“He wants to do this one day. He wants to make his own albums,” Millard reasons. “The proud dad in me was so excited, but I never would’ve suggested we use his vocals. I didn’t want to be the head coach whose son is automatically the quarterback. So I was really excited the label and the band were for this. It’s crazy to think I was in MercyMe when we had Sam, and we’re still in the band, and now he’s old enough to be singing on the album.”
It makes sense when you stop to consider the fact that the award-winning group has been making music together for the past 27 years. MercyMe released six projects independently before launching their career-defining label debut, Almost There, in 2001. The album’s lead single? A little song called “I Can Only Imagine.” Two decades later, the song remains the band’s quintessential recording. The 4X-Platinum track even received a second life in 2018 when the real-life story behind the song was brought to the silver screen, putting Millard’s rocky relationship with his abusive father front and center.
“We kind of jokingly say we took over the funeral song from @Michael W. Smith’s ‘Friends Are Friends Forever’ with ‘I Can Only Imagine,’” Scheuchzer says. “The ability for Bart’s story of the relationship with his dad to be told kind of opened up a different viewpoint for a lot of people.”
The same could be said of many of MercyMe’s biggest hits, including their latest single, “Say I Won’t.” Shifting listeners’ perspectives on what they are capable of through Christ’s strength, the mid-tempo ballad is dedicated to the band’s former crew member Gary Miracle. Last year, complications from the flu sent Miracle into septic shock, resulting in the loss of all four of his limbs.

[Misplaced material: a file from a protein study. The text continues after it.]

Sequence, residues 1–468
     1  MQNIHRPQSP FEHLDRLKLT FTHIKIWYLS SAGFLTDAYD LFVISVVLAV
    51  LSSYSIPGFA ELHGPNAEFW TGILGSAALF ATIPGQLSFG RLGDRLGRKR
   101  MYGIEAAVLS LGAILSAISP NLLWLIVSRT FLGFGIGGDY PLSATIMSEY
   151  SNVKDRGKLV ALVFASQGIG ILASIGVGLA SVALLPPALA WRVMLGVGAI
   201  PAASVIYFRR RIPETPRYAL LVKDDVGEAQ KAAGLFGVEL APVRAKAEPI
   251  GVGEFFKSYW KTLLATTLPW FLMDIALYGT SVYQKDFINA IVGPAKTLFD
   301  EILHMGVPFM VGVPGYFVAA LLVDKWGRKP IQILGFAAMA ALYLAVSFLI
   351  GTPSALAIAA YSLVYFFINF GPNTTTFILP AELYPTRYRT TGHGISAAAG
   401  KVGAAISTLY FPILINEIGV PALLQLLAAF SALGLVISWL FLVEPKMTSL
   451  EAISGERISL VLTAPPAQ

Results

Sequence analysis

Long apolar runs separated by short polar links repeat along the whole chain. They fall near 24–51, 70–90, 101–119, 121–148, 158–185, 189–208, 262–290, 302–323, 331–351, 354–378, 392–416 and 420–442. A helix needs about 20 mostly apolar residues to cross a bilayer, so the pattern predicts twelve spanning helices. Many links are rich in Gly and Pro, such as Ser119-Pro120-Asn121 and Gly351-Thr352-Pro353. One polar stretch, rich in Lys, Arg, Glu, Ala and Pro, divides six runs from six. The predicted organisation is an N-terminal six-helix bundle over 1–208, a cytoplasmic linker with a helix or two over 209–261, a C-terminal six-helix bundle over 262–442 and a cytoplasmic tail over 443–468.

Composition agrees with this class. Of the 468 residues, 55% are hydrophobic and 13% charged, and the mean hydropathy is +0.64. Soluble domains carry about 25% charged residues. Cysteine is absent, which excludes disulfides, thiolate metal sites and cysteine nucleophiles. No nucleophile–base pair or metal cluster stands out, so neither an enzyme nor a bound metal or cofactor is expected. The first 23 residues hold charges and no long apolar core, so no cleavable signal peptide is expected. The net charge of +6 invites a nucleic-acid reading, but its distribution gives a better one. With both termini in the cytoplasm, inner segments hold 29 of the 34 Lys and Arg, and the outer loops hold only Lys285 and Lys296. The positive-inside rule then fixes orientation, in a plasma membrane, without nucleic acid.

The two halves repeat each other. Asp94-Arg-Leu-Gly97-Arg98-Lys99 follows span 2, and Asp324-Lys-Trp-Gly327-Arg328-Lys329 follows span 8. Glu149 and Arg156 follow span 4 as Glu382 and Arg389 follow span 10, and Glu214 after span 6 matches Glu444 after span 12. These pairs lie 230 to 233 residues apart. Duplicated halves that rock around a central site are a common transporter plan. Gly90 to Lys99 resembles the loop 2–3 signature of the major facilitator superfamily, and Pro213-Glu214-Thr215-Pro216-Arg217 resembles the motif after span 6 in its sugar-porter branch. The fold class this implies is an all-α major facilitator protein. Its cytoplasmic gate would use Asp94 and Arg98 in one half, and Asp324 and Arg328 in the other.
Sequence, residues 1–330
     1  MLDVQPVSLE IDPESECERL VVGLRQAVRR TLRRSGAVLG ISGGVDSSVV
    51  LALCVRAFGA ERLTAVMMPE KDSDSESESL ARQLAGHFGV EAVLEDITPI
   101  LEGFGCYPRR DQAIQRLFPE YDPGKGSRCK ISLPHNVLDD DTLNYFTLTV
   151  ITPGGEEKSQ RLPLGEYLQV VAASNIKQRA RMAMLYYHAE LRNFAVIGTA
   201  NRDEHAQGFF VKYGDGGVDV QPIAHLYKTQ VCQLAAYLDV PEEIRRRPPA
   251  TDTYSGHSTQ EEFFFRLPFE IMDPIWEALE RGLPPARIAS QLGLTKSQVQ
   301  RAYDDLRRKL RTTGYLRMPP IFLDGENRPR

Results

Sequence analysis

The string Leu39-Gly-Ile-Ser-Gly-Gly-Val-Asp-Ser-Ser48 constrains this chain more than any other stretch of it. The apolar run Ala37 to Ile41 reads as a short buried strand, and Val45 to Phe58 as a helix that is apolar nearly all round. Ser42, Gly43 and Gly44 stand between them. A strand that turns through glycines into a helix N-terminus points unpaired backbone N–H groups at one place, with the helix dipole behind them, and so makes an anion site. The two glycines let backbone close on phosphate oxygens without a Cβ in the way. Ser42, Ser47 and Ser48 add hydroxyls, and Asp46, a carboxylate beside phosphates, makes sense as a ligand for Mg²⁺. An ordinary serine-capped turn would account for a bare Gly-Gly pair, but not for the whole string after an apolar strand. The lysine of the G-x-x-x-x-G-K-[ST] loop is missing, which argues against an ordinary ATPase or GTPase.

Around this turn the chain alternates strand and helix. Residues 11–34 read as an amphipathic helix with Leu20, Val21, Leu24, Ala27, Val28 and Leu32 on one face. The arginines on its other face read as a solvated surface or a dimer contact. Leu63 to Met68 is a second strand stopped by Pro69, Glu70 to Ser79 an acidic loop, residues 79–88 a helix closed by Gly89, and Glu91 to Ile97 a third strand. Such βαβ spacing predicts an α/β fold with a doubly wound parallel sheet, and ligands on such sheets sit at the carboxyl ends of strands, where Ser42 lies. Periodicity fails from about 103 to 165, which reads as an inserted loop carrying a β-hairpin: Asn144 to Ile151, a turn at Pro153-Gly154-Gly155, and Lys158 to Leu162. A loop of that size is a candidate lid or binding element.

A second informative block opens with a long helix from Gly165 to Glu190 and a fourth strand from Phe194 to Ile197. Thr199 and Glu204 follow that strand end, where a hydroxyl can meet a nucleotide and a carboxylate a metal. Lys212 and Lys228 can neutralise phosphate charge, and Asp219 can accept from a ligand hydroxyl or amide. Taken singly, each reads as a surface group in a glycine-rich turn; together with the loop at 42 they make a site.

WATCH NOW: MercyMe - Say I Won't (Official Music Video)
“He was a part of the song before he ever got sick. It came out of a couple years of conversations with him. The verses are all about identity and understanding what’s inside of you—that you have Christ inside of you and what you’re capable of when you realize that,” Millard shares. “Gary was our first merch guy 25 years ago. He’s just been a dear friend ever since. The line ‘driving 35 with a rocket inside’ was something I told Gary in a text conversation.
“I was consumed with his story; his outlook and positive attitude were infectious,” Millard continues. “So the song took a turn to where it became this overcomer, kind of Rocky moment of, ‘I dare you to say that I won’t do it, and I’ll show you that I will.’”
WATCH NOW: The Story of Gary Miracle
In a way, this sentiment could also be said about the members of MercyMe. Few bands come out of the gate with the biggest song of their career, and even fewer manage to top it. While the group’s long line of chart-toppers and accolades speak to their commercial success, the biggest feat of all might just be the fact that 27 years later, they’re still making music.
Regardless, their “day job” isn’t for the faint of heart. After all, it takes a great deal of courage to stare a pandemic in the face, scrap an entire album, and start over.
“You want music to be current, and you want it to have truth but not come across as corny,” Millard confesses of the conundrum he faces every time he sits down to write a song. “Half the time you miss it, and sometimes, you get it right.”